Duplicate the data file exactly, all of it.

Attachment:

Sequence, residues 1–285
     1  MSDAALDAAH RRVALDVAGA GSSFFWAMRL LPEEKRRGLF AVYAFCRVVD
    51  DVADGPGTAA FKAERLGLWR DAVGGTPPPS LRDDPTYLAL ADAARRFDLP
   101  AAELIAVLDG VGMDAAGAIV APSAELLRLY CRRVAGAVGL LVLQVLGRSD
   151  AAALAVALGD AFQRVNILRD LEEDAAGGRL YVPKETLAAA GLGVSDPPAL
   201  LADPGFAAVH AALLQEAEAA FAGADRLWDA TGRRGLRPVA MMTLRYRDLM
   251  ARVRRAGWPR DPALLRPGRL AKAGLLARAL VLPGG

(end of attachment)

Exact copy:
Sequence, residues 1–285
     1  MSDAALDAAH RRVALDVAGA GSSFFWAMRL LPEEKRRGLF AVYAFCRVVD
    51  DVADGPGTAA FKAERLGLWR DAVGGTPPPS LRDDPTYLAL ADAARRFDLP
   101  AAELIAVLDG VGMDAAGAIV APSAELLRLY CRRVAGAVGL LVLQVLGRSD
   151  AAALAVALGD AFQRVNILRD LEEDAAGGRL YVPKETLAAA GLGVSDPPAL
   201  LADPGFAAVH AALLQEAEAA FAGADRLWDA TGRRGLRPVA MMTLRYRDLM
   251  ARVRRAGWPR DPALLRPGRL AKAGLLARAL VLPGG